On 20th May 2010, Craig Venter (father of the Human Genome Project) reported the design, synthesis and assembly of the 1.08-Mbp Mycoplasma mycoides JCVI-syn 1.0 (JVC are Craig Venter’s initials.).2 The microorganism is also known as the "chemically synthesized genome" or as Venter is fond of saying "… the first self-replicating species that we’ve had on the planet whose parent is a computer."3 The "chemically synthesized genome" was achieved at a great expense ($40 million), and effort (20 people working for more than a decade).4 Confidently, to make the assembled genome be unquestionably recognizable as synthetic, the computerized DNA sequence contained strings in bases that, in code, spell out an e-mail address, the names of many of the people involved in the project, and a few famous quotations.4

Subsequently, after many years of hope, genetics research may have been directed not towards providing answers to obstipated human diseases, rather it was directed towards commercial exploitation as forecasted by Venter.5

Verily, this new technical milestone, together with Jones’ article, should accentuate a thorough discussion in the form of debate on whether modern genetics research has fulfilled its promise in finding solutions to tenacious human ailments. In the light of this debate, one should expect a review of the future plan and goals of this research field. Based on this background, the authors suggest the following proposition for this debate; Should our genetics research effort be addressed to directly serve our clinical needs?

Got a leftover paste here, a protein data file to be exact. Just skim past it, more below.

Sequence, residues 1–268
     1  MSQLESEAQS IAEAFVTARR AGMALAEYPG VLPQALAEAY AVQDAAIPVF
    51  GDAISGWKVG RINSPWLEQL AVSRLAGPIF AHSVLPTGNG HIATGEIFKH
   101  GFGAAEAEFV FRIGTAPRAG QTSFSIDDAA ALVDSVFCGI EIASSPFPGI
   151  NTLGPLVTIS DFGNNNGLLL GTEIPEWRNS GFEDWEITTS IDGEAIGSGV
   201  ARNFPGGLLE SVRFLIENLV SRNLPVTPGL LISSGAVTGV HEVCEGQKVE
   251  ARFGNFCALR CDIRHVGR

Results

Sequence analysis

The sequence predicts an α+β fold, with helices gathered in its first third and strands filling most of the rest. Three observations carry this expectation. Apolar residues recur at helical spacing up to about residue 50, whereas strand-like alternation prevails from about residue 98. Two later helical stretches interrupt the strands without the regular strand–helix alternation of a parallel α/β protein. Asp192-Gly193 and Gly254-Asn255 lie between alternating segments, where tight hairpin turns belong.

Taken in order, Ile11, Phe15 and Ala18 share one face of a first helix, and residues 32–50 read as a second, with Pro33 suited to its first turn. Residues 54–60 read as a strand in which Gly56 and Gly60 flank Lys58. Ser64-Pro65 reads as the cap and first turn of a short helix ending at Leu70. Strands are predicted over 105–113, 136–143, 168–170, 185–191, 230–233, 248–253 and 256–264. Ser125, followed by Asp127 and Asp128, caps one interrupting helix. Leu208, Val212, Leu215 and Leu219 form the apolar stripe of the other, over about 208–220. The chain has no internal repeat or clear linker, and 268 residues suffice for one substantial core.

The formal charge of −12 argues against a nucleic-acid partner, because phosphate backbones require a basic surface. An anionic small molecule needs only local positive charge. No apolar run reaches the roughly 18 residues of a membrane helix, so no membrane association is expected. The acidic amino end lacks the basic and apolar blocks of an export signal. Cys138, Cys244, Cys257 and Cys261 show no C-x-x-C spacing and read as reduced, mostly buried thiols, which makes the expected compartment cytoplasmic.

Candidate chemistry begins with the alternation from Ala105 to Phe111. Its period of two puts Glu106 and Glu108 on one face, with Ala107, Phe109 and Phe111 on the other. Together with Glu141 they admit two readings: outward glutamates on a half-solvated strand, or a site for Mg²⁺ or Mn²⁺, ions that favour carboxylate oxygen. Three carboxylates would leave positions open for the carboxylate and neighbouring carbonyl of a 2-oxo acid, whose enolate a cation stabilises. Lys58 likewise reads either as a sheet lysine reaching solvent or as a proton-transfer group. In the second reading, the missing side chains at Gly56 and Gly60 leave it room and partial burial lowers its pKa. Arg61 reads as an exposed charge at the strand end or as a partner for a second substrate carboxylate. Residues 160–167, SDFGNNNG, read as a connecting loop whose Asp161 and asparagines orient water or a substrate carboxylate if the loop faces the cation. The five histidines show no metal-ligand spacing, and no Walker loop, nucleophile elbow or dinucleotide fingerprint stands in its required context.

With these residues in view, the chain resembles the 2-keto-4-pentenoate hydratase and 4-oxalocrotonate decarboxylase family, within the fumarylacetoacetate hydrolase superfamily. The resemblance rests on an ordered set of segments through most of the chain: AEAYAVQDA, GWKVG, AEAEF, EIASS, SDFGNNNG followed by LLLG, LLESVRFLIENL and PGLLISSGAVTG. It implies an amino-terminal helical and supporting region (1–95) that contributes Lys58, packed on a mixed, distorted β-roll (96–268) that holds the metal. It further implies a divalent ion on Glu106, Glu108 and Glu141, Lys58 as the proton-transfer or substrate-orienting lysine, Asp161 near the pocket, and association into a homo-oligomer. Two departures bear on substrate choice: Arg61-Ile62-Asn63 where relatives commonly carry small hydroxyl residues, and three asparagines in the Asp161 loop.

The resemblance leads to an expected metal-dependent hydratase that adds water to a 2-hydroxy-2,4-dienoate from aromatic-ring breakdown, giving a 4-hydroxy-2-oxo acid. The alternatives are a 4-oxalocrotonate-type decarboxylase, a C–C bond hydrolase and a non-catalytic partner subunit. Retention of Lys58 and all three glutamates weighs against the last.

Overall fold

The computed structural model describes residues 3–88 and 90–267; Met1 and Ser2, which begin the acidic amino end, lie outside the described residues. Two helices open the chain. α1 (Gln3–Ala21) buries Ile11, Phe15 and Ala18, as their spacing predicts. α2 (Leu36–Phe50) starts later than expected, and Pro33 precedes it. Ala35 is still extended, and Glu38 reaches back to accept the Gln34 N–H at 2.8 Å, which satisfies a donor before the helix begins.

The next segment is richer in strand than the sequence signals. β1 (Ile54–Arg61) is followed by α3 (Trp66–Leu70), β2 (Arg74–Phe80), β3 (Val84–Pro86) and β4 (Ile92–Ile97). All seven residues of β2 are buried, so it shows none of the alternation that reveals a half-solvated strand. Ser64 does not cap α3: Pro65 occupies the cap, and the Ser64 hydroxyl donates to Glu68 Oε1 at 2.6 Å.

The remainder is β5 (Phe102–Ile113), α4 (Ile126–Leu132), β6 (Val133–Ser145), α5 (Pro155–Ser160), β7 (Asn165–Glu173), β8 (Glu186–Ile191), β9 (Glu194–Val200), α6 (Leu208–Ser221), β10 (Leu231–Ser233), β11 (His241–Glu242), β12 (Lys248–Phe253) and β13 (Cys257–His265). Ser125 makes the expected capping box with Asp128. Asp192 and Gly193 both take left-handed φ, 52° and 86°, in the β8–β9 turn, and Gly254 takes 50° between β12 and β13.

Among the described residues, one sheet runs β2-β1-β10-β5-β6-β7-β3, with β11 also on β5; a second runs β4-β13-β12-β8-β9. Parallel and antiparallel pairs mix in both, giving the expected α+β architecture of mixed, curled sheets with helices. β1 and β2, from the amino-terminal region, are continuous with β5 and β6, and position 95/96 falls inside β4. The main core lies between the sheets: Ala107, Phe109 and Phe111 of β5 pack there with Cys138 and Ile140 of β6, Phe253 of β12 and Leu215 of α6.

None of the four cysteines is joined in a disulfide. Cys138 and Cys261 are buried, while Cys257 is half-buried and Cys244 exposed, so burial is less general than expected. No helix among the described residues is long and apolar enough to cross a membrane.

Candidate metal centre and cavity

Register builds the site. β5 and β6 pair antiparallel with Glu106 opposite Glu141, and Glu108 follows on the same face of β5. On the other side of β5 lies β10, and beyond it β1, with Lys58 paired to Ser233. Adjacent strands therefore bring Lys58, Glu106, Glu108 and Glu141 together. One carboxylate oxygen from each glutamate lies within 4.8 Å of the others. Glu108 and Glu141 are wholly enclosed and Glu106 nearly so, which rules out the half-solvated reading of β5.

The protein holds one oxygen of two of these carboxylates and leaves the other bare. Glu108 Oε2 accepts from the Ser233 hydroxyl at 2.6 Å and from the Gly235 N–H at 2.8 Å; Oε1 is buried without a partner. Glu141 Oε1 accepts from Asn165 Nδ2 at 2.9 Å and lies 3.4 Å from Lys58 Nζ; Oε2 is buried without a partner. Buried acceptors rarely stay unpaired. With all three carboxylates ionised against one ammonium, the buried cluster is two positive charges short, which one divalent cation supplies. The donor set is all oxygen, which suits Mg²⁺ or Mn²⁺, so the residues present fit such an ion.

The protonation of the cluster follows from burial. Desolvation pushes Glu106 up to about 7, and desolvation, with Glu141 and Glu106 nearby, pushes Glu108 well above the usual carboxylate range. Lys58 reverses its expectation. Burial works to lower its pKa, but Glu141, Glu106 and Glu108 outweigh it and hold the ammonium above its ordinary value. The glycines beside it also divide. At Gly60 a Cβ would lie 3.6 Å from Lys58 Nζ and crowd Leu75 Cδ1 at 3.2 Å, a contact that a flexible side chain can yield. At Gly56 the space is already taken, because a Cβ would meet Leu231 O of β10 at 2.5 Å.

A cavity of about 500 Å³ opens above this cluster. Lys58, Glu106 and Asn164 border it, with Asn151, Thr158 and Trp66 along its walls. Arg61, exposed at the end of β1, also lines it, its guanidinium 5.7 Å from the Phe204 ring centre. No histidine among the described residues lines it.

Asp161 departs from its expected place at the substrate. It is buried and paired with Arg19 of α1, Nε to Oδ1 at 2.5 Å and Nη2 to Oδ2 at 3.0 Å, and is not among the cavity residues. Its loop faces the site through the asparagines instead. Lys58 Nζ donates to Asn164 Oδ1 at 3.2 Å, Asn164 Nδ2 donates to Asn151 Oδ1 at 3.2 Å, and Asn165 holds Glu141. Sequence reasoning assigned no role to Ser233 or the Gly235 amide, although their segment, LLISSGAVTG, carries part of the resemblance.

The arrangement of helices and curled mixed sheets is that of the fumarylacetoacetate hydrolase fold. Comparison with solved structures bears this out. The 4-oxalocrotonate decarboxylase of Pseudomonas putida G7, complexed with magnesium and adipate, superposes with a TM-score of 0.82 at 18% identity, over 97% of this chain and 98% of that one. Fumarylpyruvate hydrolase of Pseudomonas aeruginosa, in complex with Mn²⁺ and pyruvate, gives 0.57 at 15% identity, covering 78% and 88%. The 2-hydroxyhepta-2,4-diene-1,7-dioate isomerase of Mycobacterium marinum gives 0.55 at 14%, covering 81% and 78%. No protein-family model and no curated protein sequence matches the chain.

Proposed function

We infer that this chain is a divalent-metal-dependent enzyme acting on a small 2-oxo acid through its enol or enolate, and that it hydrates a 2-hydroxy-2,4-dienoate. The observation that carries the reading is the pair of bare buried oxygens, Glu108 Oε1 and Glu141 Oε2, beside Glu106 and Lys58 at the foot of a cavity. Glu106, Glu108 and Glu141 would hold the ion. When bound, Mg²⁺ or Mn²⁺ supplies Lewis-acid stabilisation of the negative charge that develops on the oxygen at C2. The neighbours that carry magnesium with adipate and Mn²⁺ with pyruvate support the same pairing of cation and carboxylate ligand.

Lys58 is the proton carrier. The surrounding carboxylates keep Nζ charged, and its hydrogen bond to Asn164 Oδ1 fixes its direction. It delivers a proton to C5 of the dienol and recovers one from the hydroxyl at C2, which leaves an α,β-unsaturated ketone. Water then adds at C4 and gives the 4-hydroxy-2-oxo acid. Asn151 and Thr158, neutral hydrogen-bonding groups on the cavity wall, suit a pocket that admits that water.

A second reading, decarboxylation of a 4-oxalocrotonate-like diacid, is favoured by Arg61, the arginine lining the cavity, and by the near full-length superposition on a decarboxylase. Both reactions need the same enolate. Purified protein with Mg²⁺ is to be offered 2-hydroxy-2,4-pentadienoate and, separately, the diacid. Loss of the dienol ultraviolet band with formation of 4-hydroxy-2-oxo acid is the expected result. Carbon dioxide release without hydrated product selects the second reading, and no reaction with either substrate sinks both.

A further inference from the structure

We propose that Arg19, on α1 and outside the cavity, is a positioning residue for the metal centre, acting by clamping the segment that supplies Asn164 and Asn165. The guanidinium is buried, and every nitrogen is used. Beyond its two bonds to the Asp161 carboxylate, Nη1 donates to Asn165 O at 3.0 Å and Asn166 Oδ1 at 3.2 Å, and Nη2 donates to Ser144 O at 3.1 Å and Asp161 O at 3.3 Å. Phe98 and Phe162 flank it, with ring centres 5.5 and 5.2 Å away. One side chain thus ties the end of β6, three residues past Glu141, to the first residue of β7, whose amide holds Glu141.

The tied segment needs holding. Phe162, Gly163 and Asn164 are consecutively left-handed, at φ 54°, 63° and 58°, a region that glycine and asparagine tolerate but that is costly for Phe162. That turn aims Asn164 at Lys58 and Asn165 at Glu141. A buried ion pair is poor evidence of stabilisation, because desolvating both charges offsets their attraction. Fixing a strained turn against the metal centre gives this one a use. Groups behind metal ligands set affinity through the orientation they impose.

At this point, it is important to declare that the authors have no intention to undermine the research effort on genetics or the knowledge it has accumulated over the years. Rather, it is meant to appraise genetics research output (relative to the input) in terms of clinical applications, thus we may optimize its cost-effectiveness and direct it to where it is most needed.

Research, as we believe, is an "investment" in the full sense of the term including monetary, effort and time outlays. If the concept of "research is investment" is accepted then, any research endeavor success should be measured by how much return was made from its initial expenditure; again, in terms of finance, effort and time.